Sometimes there are no words. There weren’t for Amanda that day. She sat in the mobile ultrasound unit, head in her hands, as tears slipped between her fingers. She knew she was pregnant. Had known for a few weeks now. She was devastated. And so she wept.
Lauren, the nurse, let Amanda cry into the silence. In the moments that followed, Amanda managed to find the words to share her story. And the truth of her story was staggering.
The power of presence
Days earlier, Amanda had pulled into the parking lot of A Woman’s Choice. She stared at the somewhat dilapidated building—the one promising to make her life normal again. Her pregnancy wasn’t planned or wanted. The timing was all wrong, and Amanda wanted to rewind her life to a time when things weren’t so complicated. Abortion was the best option, she thought. Her best chance. Her only choice.
But if that was true, then why was she still sitting in the car?
That’s when she saw them. A sea of blue shirts, gathered a short distance away and facing the parking lot. The brightness of the colors seemed out of place here compared to the faded brick, gravel, and angry weeds that forced their way through every crack and crevice.
But the myriad of blue shirts wasn’t what most captured her attention. It was the faces. The postures. Some people were kneeling on the ground, heads bowed, faces in sorrow. Others stood with their hands raised toward the abortion clinic—toward her—as their mouths moved in silence. Praying. All of them, praying.
Amanda pressed herself further into her seat, as if creating more distance between herself and the crowd of people would erase their presence.
Me, she thought. They’re praying for me. And my baby.
It was a Saturday morning. Why were these people there? The blue-shirt people didn’t know her, and yet she felt as if they actually cared about her. And about the person inside of her.
Amanda realized her hand was now resting on her stomach, as if to shield the tiny life within from the danger that waited nearby. And in that moment, Amanda knew that this posture—shielding, protecting, guarding—was exactly what she was meant to do as a woman. As a mother.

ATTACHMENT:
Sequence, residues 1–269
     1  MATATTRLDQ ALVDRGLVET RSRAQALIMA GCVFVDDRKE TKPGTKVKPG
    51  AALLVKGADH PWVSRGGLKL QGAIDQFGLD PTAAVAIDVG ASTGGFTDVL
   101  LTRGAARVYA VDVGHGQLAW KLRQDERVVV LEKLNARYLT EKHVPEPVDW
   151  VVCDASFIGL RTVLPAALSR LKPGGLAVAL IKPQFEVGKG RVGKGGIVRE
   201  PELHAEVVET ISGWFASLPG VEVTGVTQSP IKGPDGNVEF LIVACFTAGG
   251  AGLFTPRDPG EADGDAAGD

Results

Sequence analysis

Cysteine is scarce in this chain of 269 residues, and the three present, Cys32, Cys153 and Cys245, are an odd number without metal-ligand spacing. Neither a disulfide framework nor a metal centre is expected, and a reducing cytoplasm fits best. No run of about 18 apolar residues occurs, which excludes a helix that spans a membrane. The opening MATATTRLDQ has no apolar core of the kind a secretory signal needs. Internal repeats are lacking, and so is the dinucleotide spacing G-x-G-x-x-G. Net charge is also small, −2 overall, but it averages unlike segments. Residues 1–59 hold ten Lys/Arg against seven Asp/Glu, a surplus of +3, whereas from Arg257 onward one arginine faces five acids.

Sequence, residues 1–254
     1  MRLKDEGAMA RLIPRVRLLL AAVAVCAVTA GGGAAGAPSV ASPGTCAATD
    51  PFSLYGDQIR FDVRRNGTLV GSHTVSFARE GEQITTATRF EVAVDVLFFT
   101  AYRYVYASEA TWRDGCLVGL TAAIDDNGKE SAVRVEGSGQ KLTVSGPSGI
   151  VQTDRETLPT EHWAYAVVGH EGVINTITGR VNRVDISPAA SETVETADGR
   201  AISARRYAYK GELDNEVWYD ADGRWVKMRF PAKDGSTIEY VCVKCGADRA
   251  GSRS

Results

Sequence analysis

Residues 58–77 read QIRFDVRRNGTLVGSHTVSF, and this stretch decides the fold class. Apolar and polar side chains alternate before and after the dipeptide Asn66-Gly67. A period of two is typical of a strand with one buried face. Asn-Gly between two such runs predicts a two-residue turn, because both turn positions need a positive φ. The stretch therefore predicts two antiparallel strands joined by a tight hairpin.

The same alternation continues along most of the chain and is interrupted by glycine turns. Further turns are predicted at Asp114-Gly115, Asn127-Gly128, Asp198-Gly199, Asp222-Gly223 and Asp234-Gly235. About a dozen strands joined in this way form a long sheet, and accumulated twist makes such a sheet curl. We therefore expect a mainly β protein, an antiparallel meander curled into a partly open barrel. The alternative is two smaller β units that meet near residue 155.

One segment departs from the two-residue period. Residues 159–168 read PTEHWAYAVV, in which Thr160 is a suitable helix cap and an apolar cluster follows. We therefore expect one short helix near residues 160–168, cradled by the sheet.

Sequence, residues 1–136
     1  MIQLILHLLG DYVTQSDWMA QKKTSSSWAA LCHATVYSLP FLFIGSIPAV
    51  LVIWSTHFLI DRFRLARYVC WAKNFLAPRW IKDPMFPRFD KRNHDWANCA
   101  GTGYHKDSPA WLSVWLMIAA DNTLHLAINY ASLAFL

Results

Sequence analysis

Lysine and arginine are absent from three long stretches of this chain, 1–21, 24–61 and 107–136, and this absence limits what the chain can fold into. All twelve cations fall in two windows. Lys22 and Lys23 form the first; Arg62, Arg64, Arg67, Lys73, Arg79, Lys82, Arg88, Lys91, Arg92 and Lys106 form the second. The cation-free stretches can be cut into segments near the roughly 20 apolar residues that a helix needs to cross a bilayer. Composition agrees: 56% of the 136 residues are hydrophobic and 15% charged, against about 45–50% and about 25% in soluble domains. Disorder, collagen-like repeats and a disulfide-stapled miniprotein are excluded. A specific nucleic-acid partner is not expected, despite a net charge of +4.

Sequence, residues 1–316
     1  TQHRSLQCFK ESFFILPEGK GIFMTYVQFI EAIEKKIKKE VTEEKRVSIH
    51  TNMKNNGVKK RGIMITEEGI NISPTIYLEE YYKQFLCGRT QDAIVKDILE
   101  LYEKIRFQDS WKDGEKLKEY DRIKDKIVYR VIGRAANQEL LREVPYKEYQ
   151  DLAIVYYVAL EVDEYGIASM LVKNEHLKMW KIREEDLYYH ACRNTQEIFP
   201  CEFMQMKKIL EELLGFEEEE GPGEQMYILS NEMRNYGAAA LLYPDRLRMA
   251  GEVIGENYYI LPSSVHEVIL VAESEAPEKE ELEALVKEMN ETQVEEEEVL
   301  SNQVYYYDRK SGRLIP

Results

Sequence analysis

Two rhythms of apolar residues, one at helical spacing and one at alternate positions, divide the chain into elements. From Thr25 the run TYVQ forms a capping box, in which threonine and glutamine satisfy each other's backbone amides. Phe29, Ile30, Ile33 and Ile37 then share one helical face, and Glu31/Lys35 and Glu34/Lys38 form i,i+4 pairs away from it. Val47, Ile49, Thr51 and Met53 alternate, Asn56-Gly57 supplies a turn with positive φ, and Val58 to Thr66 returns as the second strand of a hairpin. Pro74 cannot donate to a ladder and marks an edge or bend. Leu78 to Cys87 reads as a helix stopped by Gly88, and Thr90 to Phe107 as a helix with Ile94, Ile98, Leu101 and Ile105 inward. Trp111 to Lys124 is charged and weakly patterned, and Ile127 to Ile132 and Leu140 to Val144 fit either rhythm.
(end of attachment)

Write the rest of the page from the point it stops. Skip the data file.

Somehow, knowing that these blue-shirted people cared about her decision made her think that maybe—just maybe—she could make a different choice.
Next to the crowd of people, Amanda saw a bright pink bus. She’d missed it before, but now the words along the side—Caring, Compassionate, Confidential—might as well have been blinking in neon lights.
Amanda typed the number on the bus into her phone. Key in the ignition. Car in reverse. The clinic behind her. Decision made.
The power of prayer
That’s how Amanda found herself on the mobile ultrasound unit a few days later. She told Lauren her story and shared that, even though she was still scared and uncertain, she knew she wanted to keep her baby. Lauren was able to offer her a free ultrasound and met with her for several subsequent visits to talk about practical ways to provide support during and after her pregnancy.
If you ask Amanda now, months later, how she feels about being a mom, she’ll tell you that she’s over-the-moon excited to meet her baby. With the support of her family and Greensboro Pregnancy Care Center, she’s prepared to face her future without fear.
She’ll also tell you that it was the sight of people praying for her that made her walk away from her abortion appointment that day.
A city that prays
I’ve been on staff at Greensboro Pregnancy Care Center in North Carolina for the past five years. In that time, we’ve experienced some pretty astronomical growth. We’ve launched a mobile ultrasound unit, moved to a more strategic location, created a mentorship program that connects women to local churches, and nearly doubled our budget.